Why you should care about the Raptors: You can watch and imagine what an Andre Drummond-Jonas Valanciunas frontcourt would’ve looked like if the Raptors had made the logical pick in the 2012 NBA Draft. But hey, Terrence Ross has worked out pretty well for a fun, up-and-coming team. Also, pay attention to Amir Johnson. Whenever I write about giving Johnson away as a major Dumars mistake, I get all kinds of, “pssshhh he’s just a role player/backup/shutup your stupid face about Joe Dumars” comments. Seriously, if you haven’t seen Johnson in a while, watch him in this season. He’s a lockdown post defender, possibly the best screen setter in the NBA, a rim protector, an elite finisher and dude is even knocking down open threes now.

Pacers vs. Hawks

Game 1: 7 p.m. Saturday on ESPN

Why you should care about the Pacers: Although they’ve struggled down the stretch, the Pacers stylistically are similar to the tough, physical, defensive-minded Pistons teams that fans loved so much. More related to the Pistons, keep an eye on Lance Stephenson, a restricted free agent wing who could potentially be a Pistons target in the offseason.

Why you should care about the Hawks: Well, you can thank them for playing well enough to not be a threat to get worse than the Pistons. Also, you can watch Paul Millsap, a much more productive free agent forward who became an All-Star this season and was a fraction of what Josh Smith cost.

Bulls vs. Wizards

Game 1: 7 p.m. Sunday on TNT

Why you should care about the Bulls: They might be the toughest team in the league, and each year, despite catastrophic injuries, they keep plugging in random scrap heap bargains who produce. Last season, it was Nate Robinson. This season, it is D.J. Augustin who has become a competent starting point guard somehow. Also, last week when it snowed in the Midwest, we were ALL Joakim Noah.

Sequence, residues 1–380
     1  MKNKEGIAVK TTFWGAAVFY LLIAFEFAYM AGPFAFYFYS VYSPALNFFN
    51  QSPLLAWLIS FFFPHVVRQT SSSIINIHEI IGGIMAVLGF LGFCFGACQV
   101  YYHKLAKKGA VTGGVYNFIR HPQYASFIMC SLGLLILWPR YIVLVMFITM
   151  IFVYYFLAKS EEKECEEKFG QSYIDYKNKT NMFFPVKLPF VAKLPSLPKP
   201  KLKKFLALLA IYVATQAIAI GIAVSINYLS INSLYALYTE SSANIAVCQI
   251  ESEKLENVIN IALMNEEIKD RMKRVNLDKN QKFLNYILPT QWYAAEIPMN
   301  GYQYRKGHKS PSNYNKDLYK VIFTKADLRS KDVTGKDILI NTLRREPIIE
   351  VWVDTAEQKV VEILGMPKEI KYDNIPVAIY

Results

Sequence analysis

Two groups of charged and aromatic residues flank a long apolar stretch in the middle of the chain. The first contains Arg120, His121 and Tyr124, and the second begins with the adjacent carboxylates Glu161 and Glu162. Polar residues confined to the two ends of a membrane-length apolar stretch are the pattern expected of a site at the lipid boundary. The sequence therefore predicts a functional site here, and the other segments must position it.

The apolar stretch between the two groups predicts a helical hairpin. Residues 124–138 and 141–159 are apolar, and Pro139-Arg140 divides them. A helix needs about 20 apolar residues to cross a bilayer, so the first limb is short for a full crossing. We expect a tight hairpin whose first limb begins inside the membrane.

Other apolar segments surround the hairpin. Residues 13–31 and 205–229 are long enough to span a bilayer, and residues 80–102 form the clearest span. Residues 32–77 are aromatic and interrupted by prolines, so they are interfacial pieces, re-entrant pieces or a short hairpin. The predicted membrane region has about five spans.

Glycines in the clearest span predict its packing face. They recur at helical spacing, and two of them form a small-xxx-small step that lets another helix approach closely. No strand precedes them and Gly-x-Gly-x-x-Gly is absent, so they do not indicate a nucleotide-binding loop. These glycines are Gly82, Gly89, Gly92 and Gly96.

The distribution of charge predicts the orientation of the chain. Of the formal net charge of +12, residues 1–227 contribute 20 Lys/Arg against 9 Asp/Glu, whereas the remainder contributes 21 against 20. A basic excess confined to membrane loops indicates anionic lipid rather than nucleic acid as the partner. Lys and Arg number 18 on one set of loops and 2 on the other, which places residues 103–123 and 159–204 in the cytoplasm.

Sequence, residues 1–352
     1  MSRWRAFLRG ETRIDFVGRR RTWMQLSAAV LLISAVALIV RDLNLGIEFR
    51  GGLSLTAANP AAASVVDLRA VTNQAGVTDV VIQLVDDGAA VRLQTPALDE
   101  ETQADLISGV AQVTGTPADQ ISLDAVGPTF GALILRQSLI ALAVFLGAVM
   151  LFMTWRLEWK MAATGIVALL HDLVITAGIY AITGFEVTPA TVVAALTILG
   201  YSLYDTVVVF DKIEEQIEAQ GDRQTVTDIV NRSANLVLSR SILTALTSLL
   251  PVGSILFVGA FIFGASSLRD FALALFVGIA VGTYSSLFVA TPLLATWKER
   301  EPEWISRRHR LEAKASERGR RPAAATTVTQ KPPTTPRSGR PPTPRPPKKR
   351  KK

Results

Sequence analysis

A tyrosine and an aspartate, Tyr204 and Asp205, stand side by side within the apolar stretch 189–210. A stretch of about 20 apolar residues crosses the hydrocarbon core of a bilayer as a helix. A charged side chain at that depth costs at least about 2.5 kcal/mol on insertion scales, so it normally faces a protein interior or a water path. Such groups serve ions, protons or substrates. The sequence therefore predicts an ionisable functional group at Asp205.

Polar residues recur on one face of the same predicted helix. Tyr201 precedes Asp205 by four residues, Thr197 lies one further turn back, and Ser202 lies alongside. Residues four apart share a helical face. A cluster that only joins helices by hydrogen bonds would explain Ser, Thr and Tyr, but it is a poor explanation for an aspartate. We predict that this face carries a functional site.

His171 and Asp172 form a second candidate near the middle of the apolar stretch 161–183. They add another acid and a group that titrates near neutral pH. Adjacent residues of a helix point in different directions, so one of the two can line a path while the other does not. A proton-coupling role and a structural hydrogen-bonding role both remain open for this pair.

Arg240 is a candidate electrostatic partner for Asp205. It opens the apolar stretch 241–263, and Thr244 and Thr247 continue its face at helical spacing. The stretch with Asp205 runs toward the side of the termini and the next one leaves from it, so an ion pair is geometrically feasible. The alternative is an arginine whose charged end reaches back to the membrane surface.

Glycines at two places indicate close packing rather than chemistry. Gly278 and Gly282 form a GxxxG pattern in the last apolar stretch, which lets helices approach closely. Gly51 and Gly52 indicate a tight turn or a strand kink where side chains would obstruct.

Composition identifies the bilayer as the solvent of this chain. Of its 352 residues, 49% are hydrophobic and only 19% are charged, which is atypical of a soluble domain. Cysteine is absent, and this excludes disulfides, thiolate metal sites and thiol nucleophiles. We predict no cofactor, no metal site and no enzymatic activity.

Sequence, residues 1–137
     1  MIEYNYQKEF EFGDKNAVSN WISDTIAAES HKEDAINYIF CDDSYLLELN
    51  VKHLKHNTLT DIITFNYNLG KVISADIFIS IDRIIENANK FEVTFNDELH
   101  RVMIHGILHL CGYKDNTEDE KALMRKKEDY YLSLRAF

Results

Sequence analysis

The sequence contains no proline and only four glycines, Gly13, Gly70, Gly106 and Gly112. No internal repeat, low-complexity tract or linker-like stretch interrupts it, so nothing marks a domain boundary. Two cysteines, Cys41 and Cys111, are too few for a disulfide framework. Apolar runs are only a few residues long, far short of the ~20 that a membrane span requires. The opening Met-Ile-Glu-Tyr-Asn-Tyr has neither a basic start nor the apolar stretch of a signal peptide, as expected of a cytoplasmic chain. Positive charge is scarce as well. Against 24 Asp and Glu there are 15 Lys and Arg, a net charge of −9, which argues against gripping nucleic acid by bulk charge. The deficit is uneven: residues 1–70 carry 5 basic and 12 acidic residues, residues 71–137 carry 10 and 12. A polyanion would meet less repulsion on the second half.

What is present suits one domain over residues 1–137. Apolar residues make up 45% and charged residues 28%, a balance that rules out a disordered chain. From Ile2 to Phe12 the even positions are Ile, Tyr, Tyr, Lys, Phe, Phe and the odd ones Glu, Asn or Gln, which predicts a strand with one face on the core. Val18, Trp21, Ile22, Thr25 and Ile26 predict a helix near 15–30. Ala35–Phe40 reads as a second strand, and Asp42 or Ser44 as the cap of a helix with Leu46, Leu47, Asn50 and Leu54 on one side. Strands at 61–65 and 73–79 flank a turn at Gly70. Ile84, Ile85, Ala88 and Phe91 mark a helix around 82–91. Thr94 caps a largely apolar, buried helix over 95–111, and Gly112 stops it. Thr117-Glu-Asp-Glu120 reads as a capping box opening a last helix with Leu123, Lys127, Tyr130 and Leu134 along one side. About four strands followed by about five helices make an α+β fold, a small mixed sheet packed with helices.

Why you should care about the Wizards: If you like dynamic young guards, John Wall is as fun as it gets. He’s one of a handful of young potential stars in the playoffs this year who has a chance to plug his name into the conversation about elite NBA players if he has some strong performances for the Wizards. Also, expect the Wizards to possibly have interest in Greg Monroe, who played at Georgetown, in the offseason.

Heat vs. Bobcats

Game 1: 3:30 p.m. Sunday on ABC

Why you should care about the Heat: Well … not to be captain obvious, but they are going for a third straight championship this season. They should also make the Eastern Conference Finals for a fourth straight season, getting close to the Pistons’ streak of six straight. Also, it will be interesting to see if LeBron has mastered the Jordan art of resting just enough in the regular season to unveil something new for the playoffs.